Tuesday, June 23, 2009

Summertime Reads

It's summertime and I'm looking for both fiction and non-fiction titles to read this week. On the fiction side, I've had my eye on these three for awhile:

The Long Goodbye - Raymond Chandler

Garnethill - Denise Mina

The Winter King - Bernard Cornwell

I know my friend John will lobby heavily for Cornwell and he may be right. I'm in something of a King Arthur mood (not personally, mind you; just for reading purposes) at the moment.

The Mina novel is a detective/mystery tale set in Scotland, which is not a strike against it, but I've recently read three of Ian Rankin's John Rebus (also a Scottish detective) novels and may need a wee break from the Scots.

And any season is a good time for Chandler.

On the non-fiction side, I've got a couple of intriguing titles on the shelf:

This House of Sky: Landscapes of a Western Mind - Ivan Doig, recommended during a recent Readers' Advisory workshop.

Outcasts United: A Refugee Team, an American Town - Warren St. John, about refugee children from the Congo to Kabul playing on a soccer team in Clarkston, Georgia.

Perhaps the most interesting NF book I've run across lately is one I do not own: Strange Telescopes: Following the Apocalypse from Moscow to Siberia by Daniel Kalder. I ran across this a couple of weeks ago while checking in new books at the library. I read the jacket information and thought it was a sf novel. Here's the description from our library database:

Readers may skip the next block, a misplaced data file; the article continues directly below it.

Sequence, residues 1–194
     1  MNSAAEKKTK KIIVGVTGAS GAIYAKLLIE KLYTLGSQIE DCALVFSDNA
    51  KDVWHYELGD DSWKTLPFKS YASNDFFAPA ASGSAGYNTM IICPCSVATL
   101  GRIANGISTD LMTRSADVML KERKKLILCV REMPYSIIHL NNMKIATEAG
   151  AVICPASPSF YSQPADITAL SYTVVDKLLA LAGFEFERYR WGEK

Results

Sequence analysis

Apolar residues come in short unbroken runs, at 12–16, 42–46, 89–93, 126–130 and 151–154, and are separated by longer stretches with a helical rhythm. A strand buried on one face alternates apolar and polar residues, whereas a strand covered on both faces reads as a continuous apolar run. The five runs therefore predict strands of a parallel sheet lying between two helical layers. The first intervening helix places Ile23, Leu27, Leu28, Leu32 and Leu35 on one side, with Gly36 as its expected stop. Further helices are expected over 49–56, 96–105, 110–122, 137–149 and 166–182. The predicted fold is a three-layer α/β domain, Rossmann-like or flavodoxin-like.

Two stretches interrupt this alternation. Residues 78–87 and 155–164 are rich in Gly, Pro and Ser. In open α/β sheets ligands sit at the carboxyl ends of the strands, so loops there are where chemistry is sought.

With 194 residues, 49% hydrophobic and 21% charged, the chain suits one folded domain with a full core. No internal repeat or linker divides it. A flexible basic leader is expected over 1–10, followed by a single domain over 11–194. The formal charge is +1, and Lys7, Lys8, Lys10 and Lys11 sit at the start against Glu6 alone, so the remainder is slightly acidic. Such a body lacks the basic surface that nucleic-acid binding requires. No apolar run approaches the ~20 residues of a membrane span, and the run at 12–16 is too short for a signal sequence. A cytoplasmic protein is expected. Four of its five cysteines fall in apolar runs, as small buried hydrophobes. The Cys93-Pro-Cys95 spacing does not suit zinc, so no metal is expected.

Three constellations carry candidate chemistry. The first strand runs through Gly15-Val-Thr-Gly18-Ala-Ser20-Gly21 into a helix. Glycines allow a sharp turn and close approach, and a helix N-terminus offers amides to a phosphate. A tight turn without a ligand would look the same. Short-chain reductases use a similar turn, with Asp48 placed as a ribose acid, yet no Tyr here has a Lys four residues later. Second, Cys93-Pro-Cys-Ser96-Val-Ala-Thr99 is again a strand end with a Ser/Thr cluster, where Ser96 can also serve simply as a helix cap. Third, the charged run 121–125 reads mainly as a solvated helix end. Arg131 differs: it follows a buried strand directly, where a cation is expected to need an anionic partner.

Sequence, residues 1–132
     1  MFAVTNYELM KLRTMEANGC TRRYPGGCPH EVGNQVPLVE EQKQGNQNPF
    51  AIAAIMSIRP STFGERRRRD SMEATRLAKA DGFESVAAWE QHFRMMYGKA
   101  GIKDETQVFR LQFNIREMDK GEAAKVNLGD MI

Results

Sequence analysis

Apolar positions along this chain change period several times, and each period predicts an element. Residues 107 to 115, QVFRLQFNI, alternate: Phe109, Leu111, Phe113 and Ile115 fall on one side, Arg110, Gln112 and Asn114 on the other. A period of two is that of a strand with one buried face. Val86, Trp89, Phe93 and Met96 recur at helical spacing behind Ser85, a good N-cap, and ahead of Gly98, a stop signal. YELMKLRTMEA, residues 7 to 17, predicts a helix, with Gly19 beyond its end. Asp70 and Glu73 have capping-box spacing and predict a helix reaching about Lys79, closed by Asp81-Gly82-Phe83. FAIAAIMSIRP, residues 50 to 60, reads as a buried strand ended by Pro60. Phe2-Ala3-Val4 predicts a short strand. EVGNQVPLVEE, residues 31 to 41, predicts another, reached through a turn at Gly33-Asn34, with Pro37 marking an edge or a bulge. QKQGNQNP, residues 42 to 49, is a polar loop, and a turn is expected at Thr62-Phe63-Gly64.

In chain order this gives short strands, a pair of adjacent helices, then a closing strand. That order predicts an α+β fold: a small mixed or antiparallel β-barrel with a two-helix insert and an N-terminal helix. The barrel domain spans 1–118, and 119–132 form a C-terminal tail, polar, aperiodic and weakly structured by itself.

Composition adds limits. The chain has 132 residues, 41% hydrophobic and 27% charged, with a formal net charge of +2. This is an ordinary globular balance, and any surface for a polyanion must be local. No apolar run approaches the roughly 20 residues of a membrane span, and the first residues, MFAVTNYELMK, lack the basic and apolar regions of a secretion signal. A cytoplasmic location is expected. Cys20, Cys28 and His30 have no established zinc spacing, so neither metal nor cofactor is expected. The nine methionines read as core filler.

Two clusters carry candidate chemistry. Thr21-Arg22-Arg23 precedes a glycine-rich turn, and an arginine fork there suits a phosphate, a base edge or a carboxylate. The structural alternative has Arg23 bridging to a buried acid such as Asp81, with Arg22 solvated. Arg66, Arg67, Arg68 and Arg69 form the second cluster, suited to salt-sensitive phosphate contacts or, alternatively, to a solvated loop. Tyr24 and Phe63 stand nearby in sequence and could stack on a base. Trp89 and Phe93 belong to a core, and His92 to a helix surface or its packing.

A mind-bending voyage into the underground realms of Russia and beyond by the author of "Lost Cosmonaut," When Daniel Kalder descended into the sewers of Moscow in pursuit of the mythical lost city of tramps, he didn't realize that he was embarking on a bizarre, year-long odyssey that would lead him thousands of miles across Russia to the Arctic Circle via the heart of Asia. After exploring the depths of Moscow's "Underground Planet," Kalder journeyed to the Ukraine to chase down demons and exorcists in the dubious afterglow of the Orange Revolution, before meeting a man called Vissarion Christ-a one-time traffic cop, he is now messiah to thousands of followers in Siberia. Salvation and damnation collide as Daniel Kalder expertly guides us through this unique account of a modern day quest that reveals the astonishing lengths people will go to when they view the world through a "strange telescope."

Can you say wacked-out? It's going to be hard not to read this one first.

So whaddya think? What to read first?

1 comment:

John said...

Actually, I've also heard a lot of good things about Outcasts United. But The Winter King is an all-time favorite. Cornwell shifts the pieces (and their loyalties) from the traditional Arthur legend so convincingly and gives the legendary king real human failings. Impressive.